CVRD should cut payroll costs
How absurd of the CVRD board considering a 12.19 per cent property tax increase. Time to lake a look at the payroll costs of the CVRD.
In 2017, total payroll costs for the CVRD was $17,343,181 and in 2021, total payroll costs was $19,284,575.
That is a increase of $1,941,394 or 11.2 per cent.
In 2017, $6,985,421 or 40.2 per cent was the total amount paid out to employees earning in excess of $75,000 per year.
In 2021, $9,848,054 or 51.1 per cent was the total amount paid out to employees earning in excess of $75,000 per year.
In 2017, the chief administrative officer was paid a yearly salary of $197,045 per year.
In 2021, the chief administrative officer was paid a yearly salary of $232,301 per year.
That is a increase of $35,256 or 17.9 per cent. This is total nonsense. Employees earning these kind of wages should have their yearly earnings frozen until they retire.
The premier of B.C. is paid a yearly salary of $218,586. This is $13,715 lower than the yearly salary of the CAO of the CVRD. Total nonsense of behalf the CVRD board spending taxpayer dollars foolishly.
The time will come, when the senior government in Victoria will have to be in charge of approving all B.C. municipal government wages.
In 2017, the CVRD paid out $286,696 to the B.C. Medical Services Plan. These amounts were added on to employee gross wages on their paycheques as a taxable benefit as per the law in Canada.
In 2019, the NDP government eliminated B.C. Medical Services Plan monthly charges and brought in the Employer Health Care tax which is 1.95 per cent of the yearly total payroll costs. This tax was created to offset the revenue lost from B.C. Medical charges.
In 2021, the amount paid out for this tax was $477,194. This is $190,608 or a increase of 66.5 per cent, more than the old B.C. medical charges.
The NDP government created a total cash grab. What should have been done was to leave the B.C. Medical Service charges as is and lowered the B.C. income tax rates.
In comparison, the City of Vancouver paid out $4 million in B.C. medical charges and now pay out $9.5 million in this new employer health care tax. This additional cost has to be added on to property taxes.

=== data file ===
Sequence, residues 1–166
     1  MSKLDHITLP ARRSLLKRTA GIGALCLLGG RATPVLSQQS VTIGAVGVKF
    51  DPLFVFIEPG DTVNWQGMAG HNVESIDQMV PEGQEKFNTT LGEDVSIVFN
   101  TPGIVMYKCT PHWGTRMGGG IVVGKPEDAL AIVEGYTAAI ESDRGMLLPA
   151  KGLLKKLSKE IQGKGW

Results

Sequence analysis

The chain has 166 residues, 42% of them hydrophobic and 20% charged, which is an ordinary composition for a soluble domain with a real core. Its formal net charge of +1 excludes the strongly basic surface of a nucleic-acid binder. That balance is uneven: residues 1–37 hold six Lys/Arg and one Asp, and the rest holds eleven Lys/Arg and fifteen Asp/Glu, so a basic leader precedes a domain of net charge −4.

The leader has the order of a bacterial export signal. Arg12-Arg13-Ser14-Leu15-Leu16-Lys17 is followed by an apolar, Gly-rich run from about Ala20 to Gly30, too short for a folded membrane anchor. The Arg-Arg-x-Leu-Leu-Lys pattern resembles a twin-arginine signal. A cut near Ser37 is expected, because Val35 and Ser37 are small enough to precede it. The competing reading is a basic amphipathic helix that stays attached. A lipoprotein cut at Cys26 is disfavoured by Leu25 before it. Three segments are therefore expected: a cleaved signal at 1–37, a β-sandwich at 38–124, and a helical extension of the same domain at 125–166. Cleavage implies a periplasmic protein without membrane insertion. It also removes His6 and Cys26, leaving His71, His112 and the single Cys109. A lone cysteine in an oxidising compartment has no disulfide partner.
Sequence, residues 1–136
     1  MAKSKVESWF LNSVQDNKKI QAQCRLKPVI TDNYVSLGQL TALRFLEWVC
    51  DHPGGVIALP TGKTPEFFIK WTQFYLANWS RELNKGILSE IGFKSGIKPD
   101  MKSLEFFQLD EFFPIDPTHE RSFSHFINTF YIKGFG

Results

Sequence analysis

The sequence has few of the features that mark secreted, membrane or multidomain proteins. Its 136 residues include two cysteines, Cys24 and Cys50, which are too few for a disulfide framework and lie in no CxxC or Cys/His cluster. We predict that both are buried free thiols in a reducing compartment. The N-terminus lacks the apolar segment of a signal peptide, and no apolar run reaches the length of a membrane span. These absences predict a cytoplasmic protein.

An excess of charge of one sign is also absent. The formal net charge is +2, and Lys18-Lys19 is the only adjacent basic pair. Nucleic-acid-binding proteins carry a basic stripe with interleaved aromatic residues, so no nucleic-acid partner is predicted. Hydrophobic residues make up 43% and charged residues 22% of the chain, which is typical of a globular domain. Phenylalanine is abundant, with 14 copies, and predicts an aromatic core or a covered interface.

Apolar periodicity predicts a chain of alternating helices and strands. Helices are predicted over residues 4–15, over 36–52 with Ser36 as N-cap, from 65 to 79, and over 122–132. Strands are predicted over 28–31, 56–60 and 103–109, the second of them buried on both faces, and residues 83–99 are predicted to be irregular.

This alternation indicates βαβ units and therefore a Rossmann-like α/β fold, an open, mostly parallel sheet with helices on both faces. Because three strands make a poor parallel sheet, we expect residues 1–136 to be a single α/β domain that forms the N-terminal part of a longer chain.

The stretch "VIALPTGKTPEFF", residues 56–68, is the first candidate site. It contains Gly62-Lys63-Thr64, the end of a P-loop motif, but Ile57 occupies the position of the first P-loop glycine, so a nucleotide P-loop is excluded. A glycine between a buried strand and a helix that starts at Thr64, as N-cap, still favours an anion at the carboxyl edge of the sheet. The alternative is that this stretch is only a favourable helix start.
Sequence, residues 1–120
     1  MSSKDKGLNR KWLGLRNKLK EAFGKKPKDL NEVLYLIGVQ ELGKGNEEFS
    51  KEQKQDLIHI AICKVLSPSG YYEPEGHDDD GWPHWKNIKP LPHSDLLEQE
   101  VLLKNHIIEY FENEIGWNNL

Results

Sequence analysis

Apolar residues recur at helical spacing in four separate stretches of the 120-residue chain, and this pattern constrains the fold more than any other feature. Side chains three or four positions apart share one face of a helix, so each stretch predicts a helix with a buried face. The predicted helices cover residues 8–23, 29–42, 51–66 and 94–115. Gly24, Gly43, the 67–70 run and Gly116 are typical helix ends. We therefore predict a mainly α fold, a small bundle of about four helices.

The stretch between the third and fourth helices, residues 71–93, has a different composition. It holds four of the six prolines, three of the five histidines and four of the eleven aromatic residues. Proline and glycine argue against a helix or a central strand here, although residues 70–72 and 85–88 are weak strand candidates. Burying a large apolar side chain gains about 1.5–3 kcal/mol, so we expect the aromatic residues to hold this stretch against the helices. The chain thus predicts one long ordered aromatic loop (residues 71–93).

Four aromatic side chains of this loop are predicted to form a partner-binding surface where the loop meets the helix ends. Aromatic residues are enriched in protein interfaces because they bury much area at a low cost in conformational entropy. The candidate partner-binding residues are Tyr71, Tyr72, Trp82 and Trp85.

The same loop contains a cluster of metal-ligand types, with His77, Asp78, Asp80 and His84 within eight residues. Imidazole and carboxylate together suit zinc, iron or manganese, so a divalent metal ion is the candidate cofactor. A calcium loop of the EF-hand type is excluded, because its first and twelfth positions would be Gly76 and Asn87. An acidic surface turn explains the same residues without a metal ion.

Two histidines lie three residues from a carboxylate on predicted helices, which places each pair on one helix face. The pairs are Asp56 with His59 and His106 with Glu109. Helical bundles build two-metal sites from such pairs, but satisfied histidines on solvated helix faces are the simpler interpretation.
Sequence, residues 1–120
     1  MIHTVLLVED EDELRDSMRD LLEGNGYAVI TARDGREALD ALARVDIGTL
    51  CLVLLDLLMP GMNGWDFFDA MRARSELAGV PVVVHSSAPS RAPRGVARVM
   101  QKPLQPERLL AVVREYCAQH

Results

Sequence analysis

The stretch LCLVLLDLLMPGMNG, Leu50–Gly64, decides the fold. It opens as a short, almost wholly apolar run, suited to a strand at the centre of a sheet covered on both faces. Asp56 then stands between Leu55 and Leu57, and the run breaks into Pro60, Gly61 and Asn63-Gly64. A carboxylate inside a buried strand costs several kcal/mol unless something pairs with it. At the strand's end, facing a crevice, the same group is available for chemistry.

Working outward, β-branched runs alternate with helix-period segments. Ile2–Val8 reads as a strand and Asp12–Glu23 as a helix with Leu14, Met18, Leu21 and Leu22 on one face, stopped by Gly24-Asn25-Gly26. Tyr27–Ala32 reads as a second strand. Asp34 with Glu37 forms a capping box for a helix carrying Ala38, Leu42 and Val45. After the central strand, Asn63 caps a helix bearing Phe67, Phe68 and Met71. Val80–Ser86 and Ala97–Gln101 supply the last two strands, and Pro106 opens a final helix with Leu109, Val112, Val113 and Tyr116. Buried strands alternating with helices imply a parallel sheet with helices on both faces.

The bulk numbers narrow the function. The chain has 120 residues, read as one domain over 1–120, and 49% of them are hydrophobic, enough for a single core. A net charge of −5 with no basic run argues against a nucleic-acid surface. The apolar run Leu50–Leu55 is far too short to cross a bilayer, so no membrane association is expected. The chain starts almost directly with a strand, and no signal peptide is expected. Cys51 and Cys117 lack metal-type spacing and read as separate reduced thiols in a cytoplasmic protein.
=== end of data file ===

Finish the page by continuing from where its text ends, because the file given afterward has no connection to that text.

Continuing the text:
The CVRD board has just approved a new CUPE contract effective Jan. 1, 2022 to Dec. 31, 2025.
In the first year, the increase is 25 cents per hour plus a raise of 3.24 per cent retroactive to Jan. 1, 2022.
In the second year, the increase will be four per cent, in the third year, the increase will be 3.5 per cent, and in the fourth year, the increase will be three per cent.
The present rate of pay for a utility worker was $26.78 per hour and by 2025 the rate of pay will be $30.94 per hour.
This is a increase of $4.16 per hour or 15.5 per cent. This has to cease and in some years the increase must be zero.
There is a limit to every job classification, but the CVRD is just pyramid building these pay rates which the taxpayers have to keep paying from the increase on their property taxes.
Director Ian Morrison has stated that he is very disappointed that the issue of giving CVRD directors pay raises was not mentioned in the proposed 2023 budget. How shameful for him to think that way. Why? The job is only part time. Most CVRD directors already have a regular 40 hour per week job. With having full time jobs, the job of a CVRD director is part time. The present pay structure for CVRD directors is sufficient enough for the amount of work they do.
There is a total of 162 municipalities in B.C. All 162 municipalities are all out of control in their payroll costs.
Obtaining control on wage costs is only one item, if corrected can lower property taxes.
Municipalities do not try to cut down on expenses. Instead, cannot balance the budget, so to balance the budget, raise
property taxes. Total nonsense.